Normality in psychiatry
Normality as health
The first perspective is the traditional medical-psychiatric approach to health and illness. Behavior is assumed to be within normal limits when no manifesting psychopathology is present. If all behavior were to be put on a scale, normality would encompass most of the continuum, and abnormality would be the small remainder.
Normality as utopia
The second perspective conceives of normality as the harmonious and optimal blending of the diverse elements of the mental apparatus, which culminates in optimal functioning.
Normality as average
The third perspective is commonly used in normative studies of behavior and is based on the mathematical principle of the bell-shaped curve. In this approach the middle range of the curve is conceived of as normal and both extremes are conceived of as deviant.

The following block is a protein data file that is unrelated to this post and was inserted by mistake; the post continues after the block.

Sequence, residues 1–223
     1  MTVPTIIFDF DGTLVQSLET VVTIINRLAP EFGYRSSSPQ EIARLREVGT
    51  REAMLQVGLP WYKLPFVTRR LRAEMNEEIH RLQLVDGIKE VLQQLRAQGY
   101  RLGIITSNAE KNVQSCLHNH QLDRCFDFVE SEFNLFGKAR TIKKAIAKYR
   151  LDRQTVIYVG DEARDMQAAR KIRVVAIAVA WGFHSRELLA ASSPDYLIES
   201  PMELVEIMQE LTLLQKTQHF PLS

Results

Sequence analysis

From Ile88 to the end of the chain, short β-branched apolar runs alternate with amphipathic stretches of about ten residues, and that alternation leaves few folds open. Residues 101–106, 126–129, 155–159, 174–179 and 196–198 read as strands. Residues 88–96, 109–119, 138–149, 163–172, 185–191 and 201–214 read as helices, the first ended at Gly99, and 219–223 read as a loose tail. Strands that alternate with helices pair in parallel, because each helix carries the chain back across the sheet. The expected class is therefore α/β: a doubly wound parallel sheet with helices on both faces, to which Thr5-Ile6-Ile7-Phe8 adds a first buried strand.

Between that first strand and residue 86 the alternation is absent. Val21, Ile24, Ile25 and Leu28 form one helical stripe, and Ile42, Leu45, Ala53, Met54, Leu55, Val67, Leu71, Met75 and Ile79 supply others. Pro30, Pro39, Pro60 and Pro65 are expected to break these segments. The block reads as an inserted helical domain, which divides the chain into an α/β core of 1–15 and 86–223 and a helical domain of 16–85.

Normality as process
The fourth perspective stresses that normal behavior is the end result of interacting systems. The normality-as process perspective stresses changes or processes, rather than a cross sectional definition of normality. (Erickson's theory).